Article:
One page, legal document, Meadville [PA], February 24, 1836, Thomas Johnson is seeking to collect judgment that he won in court from John Purdon, signed by Johnson but addressed to John M. Reed, attorney in Philadelphia. Integral address leaf with nice Philadelphia postmark.
The document possibly refers to John Purdon, born in Philadelphia in 1784. He graduated from Princeton in 1802 and was admitted to the bar in 1806. He served in the state legislature but turned down a judgeship to work in his Digest – Purdons Digest – Laws of Pennsylvania. Purdon died while being treated by the primitive medical method of bleeding the patient.
John Meredith Read (July 21, 1797 – November 29, 1874) was a lawyer, jurist, politician from Philadelphia, PA. He was one of the founders of the Republican Party and Chief Justice of the Pennsylvania Supreme Court. Both of his grandfathers – George Read and Samuel Meredith – had served in the Continental Congress. George Read was a signer of the Declaration of Independence.
John was born across the street from Independence Hall. He graduated from the University of Pennsylvania and was admitted to the bar in 1818 and started a practice in Philadelphia. He was elected to the Pennsylvania House of Representatives in 1822 and served until 1824, but remained in private practice. His family had been Federalists, but Read became an ardent supporter of the Free Soil wing of the Democratic Party. In 1844, President Tyler nominated him to the Supreme Court of the United States, but his earlier stance against the expansion of slavery caused Democratic Senators to oppose his nomination and it was withdrawn.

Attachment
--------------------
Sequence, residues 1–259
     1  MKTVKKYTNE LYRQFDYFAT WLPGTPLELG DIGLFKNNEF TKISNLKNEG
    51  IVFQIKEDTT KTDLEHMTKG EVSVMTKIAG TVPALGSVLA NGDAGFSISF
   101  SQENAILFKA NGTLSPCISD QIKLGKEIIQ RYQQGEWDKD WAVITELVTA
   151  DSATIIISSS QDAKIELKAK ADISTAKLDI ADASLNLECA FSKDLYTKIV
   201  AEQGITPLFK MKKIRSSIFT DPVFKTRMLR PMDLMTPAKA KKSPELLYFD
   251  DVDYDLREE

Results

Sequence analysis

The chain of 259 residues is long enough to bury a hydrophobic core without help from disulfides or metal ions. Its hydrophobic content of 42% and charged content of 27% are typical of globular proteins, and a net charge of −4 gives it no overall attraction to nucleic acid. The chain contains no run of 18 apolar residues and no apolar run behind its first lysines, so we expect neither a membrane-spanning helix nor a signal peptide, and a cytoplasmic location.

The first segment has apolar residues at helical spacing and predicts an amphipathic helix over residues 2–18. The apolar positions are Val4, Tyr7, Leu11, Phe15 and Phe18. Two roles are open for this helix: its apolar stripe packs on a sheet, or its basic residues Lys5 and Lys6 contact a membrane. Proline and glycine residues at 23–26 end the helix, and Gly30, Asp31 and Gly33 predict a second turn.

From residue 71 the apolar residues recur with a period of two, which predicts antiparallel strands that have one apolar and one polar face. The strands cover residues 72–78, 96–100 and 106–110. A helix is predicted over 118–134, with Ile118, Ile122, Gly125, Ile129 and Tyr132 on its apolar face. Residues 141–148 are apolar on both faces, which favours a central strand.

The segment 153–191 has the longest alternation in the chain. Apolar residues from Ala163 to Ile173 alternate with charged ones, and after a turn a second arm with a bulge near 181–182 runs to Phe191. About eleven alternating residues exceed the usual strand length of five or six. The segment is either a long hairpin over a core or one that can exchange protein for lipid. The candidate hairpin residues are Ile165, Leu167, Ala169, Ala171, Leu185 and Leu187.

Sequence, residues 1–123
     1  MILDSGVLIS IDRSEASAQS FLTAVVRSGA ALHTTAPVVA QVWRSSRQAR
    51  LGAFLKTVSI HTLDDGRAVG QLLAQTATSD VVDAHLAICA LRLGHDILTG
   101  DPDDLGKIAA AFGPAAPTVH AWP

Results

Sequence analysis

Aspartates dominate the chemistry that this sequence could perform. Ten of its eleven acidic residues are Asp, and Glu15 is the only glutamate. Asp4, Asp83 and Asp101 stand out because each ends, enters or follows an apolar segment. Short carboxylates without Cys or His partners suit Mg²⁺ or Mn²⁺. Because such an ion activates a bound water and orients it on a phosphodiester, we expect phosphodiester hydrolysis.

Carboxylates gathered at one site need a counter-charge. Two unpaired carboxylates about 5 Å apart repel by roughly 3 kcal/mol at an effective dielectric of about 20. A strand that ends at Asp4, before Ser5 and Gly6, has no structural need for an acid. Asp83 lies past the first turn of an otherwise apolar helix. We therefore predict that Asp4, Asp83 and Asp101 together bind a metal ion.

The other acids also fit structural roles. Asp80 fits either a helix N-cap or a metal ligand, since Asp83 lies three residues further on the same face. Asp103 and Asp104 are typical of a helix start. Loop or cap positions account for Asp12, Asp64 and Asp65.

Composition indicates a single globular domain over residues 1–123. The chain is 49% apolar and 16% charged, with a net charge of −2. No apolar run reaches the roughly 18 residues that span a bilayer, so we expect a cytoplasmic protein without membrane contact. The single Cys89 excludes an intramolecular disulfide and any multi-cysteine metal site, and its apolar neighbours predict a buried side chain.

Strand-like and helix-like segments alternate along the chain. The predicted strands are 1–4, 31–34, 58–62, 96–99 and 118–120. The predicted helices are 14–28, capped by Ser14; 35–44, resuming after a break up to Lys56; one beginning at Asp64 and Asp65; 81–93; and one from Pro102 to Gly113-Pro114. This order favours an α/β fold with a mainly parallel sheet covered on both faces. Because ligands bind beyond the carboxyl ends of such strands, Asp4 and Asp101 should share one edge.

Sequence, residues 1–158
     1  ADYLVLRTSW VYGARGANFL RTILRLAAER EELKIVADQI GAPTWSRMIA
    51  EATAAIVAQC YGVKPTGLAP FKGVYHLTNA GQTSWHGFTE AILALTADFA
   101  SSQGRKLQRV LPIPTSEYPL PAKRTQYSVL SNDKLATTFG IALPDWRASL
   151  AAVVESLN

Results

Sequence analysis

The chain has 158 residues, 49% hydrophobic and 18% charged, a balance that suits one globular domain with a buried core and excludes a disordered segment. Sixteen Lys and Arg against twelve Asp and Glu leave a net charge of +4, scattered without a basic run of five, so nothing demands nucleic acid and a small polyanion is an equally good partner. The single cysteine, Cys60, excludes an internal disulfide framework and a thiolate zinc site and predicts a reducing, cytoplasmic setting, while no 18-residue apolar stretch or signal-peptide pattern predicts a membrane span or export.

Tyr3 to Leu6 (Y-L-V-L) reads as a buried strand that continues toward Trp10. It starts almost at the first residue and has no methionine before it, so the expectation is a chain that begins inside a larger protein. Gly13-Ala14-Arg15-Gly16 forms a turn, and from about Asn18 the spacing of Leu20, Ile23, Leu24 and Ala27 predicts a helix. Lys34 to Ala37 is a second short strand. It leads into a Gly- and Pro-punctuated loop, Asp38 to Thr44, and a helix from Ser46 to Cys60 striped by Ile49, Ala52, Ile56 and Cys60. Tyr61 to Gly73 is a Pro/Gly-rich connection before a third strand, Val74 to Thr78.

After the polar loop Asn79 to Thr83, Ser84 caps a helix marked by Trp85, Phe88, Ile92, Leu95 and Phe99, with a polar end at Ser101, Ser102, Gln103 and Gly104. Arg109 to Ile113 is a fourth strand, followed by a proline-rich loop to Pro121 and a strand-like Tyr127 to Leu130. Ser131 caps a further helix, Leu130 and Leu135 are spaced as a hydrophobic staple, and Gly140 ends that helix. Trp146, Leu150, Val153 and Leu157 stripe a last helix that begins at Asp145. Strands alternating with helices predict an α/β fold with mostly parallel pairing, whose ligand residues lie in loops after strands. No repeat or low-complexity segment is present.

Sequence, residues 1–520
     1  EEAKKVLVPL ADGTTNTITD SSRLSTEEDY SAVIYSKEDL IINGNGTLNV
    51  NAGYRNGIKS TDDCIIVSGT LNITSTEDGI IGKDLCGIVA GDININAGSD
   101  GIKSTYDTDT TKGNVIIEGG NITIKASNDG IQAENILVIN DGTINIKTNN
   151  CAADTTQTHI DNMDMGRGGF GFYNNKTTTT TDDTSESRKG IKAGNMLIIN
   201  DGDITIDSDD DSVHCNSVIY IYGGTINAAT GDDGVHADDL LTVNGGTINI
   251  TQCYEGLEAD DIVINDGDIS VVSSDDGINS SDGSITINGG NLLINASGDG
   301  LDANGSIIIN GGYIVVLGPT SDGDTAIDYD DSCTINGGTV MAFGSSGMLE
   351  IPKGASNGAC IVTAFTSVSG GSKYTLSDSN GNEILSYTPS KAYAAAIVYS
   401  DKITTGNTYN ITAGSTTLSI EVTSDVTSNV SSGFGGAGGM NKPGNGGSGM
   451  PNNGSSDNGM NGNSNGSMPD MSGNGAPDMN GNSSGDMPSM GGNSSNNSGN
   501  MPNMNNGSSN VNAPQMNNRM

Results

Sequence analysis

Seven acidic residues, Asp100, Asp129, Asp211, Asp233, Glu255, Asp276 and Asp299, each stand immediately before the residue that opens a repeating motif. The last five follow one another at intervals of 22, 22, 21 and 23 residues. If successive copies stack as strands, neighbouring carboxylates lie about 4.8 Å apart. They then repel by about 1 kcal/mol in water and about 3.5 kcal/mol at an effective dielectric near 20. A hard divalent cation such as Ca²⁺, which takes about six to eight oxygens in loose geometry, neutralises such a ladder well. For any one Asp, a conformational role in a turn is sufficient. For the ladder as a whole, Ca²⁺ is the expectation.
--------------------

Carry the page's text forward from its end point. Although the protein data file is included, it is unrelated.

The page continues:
When the Republicans held their first national convention in Philadelphia in 1856, he was a convention organizer and delivered the keynote. At the 1860 convention in Chicago, he received one vote on the first ballot for presidential nominee but he supported Lincoln.
Seal tear. Folds. Toning, but very strong.
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